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Wandle Meadow Nature Park – History, Wildlife and Map

Wandle Meadow Nature Park was once industrial land, but is now a nature reserve in Merton. The park is part of the flood plain of the River Wandle, and one of the points along the Wandle Trail.

The mixture of habitats within the park attract a wide variety of wildlife and plants. This post has everything you need to know about Wandle Meadow Nature Park including a map, and access information.

wandle meadow nature park  - sign leading into the park
Signpost at the start of Wandle Meadow Nature Park. Photograph by Olivia Herlihy

Wandle Meadow Nature Park

A photograph of Wandle Meadow Nature Park

History of Wandle Meadow Nature Park

A tithe map from 1847 showed that the area of Wandow Meadow Nature Park was once called Byegrove Mead. In the map below, which is from 1865, you can see the area which is just above Byegrove Cottage and Byegrove House.

Map of Byegrove Mead in 1865
Map of Byegrove Mead in 1865

The park went on to become a sewage works before being turned into a nature reserve in the late 1980s. In 1986 there had been plans to use the land to build a stadium for Wimbledon Football Club, but these plans were abolished after strong opposition from local residents.

The table below shows the history of Wandle Meadow Nature Park from 1847 until today.

Year History of Wandle Meadow Nature Park
1847 According to a tithe map, the area which is currently Wandle Meadow Nature Park was named “Byegrove Mead”. This land was most likely water meadows, which may have been deliberately flooded in the winter to provide the ideal land for grazing cattle and growing hay crops in the summer.
1877 The land was bought by a sewage company. Since it was right next to the river Wandle, it was the ideal location for a sewage works. The sewage works remained on the site until the 1970s.
1984 The land was sold for commercial and industrial development, but it quickly became used for motorbiking and general abuse.
1986 Merton Council approved plans to build a stadium for Wimbledon Football Club on the land, but these plans were abandoned in 1989 due to strong opposition from local residents.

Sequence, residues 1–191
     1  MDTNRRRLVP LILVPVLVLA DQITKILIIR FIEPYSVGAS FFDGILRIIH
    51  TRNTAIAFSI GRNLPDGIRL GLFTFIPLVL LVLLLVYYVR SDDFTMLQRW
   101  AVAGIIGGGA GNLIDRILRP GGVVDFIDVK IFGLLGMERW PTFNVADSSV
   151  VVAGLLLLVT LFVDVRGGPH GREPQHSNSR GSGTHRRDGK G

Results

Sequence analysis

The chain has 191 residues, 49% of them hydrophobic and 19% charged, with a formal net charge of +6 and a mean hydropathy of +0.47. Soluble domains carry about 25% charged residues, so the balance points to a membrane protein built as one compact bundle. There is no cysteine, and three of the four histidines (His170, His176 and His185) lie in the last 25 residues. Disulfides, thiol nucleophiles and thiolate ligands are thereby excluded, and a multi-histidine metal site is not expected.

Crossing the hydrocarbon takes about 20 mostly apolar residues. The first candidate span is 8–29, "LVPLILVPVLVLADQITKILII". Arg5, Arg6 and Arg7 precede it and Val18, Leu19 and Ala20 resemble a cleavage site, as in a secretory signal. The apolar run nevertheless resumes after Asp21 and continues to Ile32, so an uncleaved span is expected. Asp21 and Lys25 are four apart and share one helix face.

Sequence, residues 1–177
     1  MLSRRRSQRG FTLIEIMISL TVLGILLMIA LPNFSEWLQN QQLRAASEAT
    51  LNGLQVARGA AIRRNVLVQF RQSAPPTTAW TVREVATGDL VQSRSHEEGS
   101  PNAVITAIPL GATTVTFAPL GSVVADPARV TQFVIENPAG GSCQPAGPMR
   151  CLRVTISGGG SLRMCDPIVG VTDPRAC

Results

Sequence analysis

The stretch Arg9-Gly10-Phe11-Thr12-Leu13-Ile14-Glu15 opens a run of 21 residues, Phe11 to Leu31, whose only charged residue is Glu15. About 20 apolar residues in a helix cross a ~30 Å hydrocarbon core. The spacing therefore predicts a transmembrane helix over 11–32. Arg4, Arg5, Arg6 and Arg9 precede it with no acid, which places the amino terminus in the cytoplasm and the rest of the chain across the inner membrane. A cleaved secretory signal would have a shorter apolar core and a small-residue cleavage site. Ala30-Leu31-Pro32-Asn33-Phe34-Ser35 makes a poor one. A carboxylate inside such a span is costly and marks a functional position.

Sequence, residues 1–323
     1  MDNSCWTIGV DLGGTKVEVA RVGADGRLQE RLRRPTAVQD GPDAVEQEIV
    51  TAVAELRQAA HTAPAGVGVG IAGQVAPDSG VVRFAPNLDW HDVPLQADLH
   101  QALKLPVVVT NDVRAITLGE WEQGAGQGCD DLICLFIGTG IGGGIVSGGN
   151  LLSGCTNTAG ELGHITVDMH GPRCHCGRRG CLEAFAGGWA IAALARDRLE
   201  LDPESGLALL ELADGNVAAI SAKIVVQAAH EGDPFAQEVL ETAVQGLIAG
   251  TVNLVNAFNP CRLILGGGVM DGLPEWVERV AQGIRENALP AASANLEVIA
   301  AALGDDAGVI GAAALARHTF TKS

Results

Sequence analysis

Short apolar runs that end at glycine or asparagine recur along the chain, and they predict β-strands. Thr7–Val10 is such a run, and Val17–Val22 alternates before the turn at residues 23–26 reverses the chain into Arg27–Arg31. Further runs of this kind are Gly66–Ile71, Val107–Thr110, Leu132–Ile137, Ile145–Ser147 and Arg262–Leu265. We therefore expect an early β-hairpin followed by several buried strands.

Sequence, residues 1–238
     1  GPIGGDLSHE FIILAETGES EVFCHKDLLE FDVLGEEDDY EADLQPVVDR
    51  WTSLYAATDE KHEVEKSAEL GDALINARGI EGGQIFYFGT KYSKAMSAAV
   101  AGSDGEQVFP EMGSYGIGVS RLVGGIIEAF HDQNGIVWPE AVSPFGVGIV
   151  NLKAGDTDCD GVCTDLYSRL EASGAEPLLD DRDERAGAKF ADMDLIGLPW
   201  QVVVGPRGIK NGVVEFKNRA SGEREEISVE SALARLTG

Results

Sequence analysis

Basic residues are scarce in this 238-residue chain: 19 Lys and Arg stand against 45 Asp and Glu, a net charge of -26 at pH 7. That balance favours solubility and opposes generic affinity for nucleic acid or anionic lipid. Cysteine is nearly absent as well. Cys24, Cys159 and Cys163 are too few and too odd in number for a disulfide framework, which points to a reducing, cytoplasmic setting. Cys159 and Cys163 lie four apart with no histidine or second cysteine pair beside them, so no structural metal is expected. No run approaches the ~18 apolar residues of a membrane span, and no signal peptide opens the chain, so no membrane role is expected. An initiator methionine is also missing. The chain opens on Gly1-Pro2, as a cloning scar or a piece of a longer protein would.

1989 Merton Council designated the area as a nature reserve, and it now forms part of the Wandle Trail.
A photograph of Wandle Meadow Nature Park

Map of Wandle Meadow Nature Park

Wandle Meadow Nature park has North Road on its southern boundary, Chaucer Way on its eastern boundary, and the River Wandle on its western boundary. Its northern boundary is the railway line.

The access points to the park have kissing gates to prevent motorcyclists from entering the site. There is a cycle way along the eastern edge of the park which follows the river trail.

Footpaths with a hoggin surface were built in 1993 starting from North Road and leading northwards towards the wetland habitats. The map below shows the route across the park.

A photograph of Wandle Meadow Nature Park

Wildlife and Plants

The Wandle Meadow Nature Park is a local nature reserve in the London borough of Merton, and contains a wide variety of birds, animals, dragonflies and plants.

Plants

In 1993 sixteen trees and two thousand hedge plants were planted along the edges of the park next to North Road, Mead Path and the main entrances to the site. They included silver birch, ash, hazel, hawthorn, field maple, dog rose, blackthorn, guelder rose, dogwood, alder, buckthorn and whitebeam.

Birds

The mixture of habitats which includes woodland areas, water meadows, and drier grassland attract many different birds including kingfishers and grey wagtails. The Wandle Meadow Nature Park is a good place to spot a grey wagtail as they like wet marshland and fast flowing rivers.

Ponds

There are small, shallow ponds within the park where you may be able to see toads, frogs and newts. The water, however, is too shallow for a fish population.

A photograph of Wandle Meadow Nature Park

Following the Wandle Trail

Wandle Meadow Nature Park is part of the Wandle Trail. If you are following the river path upstream, the next point you will be heading to is Wandle Park.

Both Wandle Park and Wandle Meadow Nature Park contain bodies of water, and are rich in wetland plants.

A photograph of the river Wandle
River Wandle from Wandle Meadow Nature Park. Photograph by Olivia Herlihy

This post was about Wandle Meadow Nature Park

Thank you for reading my post about Wandle Meadow Nature Park. If you have visited the park please leave me a comment below and let me know your thoughts. The public park is a valuable oasis of abundant plant life, and place for the quiet enjoyment of nature. It’s also a popular place for dog walkers.

A photograph of Wandle Meadow Nature Park
Wandle Meadow Nature Park. Photograph by Olivia Herlihy